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  • Provenance

    Carole Christensen Fine Art, Sausalito; Acquired from the above by the previous owner; Sotheby’s, New York, Contemporary Art Day Auction, May 15, 2008, lot 161; Acquired from the above by the present owner

  • Catalogue Essay

    “…light and airy as he opened up windows and caught inside and outside precisely at these points with perfect transparency.” (H. Bastian, Cy Twombly: Paintings 1976, Volume 1, Berlin, 1978, p.17)
     
    Residing in Italy since the late 1950’s Twombly embraces both the ancient and modern worlds.  Renowned throughout the globe, in particular for his “Roma” body of work, known for its light and airy pencil strokes and its fragments of paint, Twombly braids together Roman antiquity with a strand of the contemporary moment; two characteristics the city of Rome offers to any artist.
     
    Developing a neo-classical form of painting and drawing, Twombly combined calligraphy and the brushstroke, developing a visual language unique from what his peers were accomplishing back in the United States. The artist’s years in Rome capture on paper a raw energy and seamless poetry in a graffiti-like manner with isolating gaps of pencil and ink. The outcome of Untitled, 1964 becomes a visual experience emotionally engaging the past of antiquity with a sensation of walking the streets of Rome in 1964.
     
    The inconsistent composition in this particular piece is simultaneously raw and elegant, freeing the work and imbuing it with its own language echoing words of tragedies in the ancient past to breaths of new, yet, nostalgic sounds. In the present lot the tradition of painting is challenged and replaced with ink and pencil.  Twombly’s Roma drawings transcend artistic boundaries with the dispersed use of calligraphic instruments on paper allowing for grandeur and simplicity - giving off the mythical message found in the artist’s work during this time.   It is this revealing nouveau body of work that would lead the artist to be invited to the 1965 Venice Biennale a year after the present drawing was completed.  It is also this body of work that many art historians consider “the most impressive, most emotionally wrought of Twombly’s career” (K. Varnedoe, Cy Twombly: A Retrospective, New York, 1994, pp.34-35)..
     
    …it floats it drifts between the desires which in subtle fashion, guides the hand, and politeness, which is the discreet refusal of any captivating ambition. If we wish to locate this ethic, we would have to seek very far, outside painting outside the West, outside history, at the very limit of meaning and say, with the Tao to King:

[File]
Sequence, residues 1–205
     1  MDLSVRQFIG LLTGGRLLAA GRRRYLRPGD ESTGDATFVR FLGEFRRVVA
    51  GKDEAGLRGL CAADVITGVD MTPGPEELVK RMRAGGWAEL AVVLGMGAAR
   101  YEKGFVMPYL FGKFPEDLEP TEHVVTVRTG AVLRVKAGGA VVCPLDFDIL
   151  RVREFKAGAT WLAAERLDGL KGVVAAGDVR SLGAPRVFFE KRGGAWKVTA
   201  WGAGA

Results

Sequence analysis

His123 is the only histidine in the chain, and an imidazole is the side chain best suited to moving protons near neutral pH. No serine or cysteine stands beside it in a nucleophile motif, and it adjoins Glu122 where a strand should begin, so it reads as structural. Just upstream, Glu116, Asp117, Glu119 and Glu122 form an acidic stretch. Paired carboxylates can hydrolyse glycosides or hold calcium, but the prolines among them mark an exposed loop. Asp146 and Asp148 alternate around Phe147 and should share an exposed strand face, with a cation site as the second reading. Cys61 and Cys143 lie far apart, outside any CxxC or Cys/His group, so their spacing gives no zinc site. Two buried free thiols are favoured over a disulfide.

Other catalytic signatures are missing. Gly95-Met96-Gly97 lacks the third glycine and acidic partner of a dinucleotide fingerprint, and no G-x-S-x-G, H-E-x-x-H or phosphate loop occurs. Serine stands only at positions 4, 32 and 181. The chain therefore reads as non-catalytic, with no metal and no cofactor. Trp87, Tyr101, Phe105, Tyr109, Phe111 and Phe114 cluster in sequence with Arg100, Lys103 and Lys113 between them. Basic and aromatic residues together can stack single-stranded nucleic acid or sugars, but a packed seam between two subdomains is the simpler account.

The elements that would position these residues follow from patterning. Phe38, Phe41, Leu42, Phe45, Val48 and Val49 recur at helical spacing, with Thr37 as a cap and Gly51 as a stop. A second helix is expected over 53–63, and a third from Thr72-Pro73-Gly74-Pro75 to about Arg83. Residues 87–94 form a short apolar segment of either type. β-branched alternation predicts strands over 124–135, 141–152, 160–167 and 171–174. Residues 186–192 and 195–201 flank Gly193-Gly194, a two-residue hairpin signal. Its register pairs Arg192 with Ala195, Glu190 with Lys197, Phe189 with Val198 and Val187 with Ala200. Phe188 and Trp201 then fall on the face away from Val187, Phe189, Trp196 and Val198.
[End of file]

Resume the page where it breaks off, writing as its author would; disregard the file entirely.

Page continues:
He produces without appropriating anything, He acts without expecting anything, His work accomplished, he does not get attached to it, And since he is not attached to it, His work will remain. (R. Barthes, Cy Twombly Painting and Drawings 1954-1977, The Whitney Museum of American Art, p. 22) 

  • Artist Bio

    Cy Twombly

    American • 1928 - 2011

    Cy Twombly emerged in the mid-1950s alongside New York artists Jasper Johns and Robert Rauschenberg. While at first developing a graffiti-like style influenced by Abstract Expressionist automatism–having notably studied under Franz Kline and Robert Motherwell at the legendary Black Mountain College between 1951 and 1952–Twombly was a prominent figure in the new generation of artists that challenged the abstract orthodoxy of the New York School. Twombly developed a highly unique pictorial language that found its purest expression upon his life-defining move to Rome in 1957. Simultaneously invoking classical history, poetry, mythology and his own contemporary lived experience, Twombly's visual idiom is distinguished by a remarkable vocabulary of signs and marks and the fusion of word and text. 

    Cy Twombly produced graffiti-like paintings that were inspired by the work of Willem de Kooning, Jackson Pollock and Robert Motherwell. His gestural forms of lines, drips and splattering were at first not well-received, but the artist later became known as the leader of the estrangement from the Abstract Expressionism movement. Full of energy and rawness, Twombly's pieces are reminiscent of childhood sketches and reveal his inspiration from mythology and poetry.

    View More Works

106

Untitled

1964
Ink, graphite and colored pencil on paper.
28 5/8 x 39 3/4 in. (72.7 x 101 cm).
Signed and dated “Cy Twombly Aug 1964” upper right.

Estimate
$500,000 - 700,000 

sold for $698,500

Contemporary Art Part I

8 November 2010
New York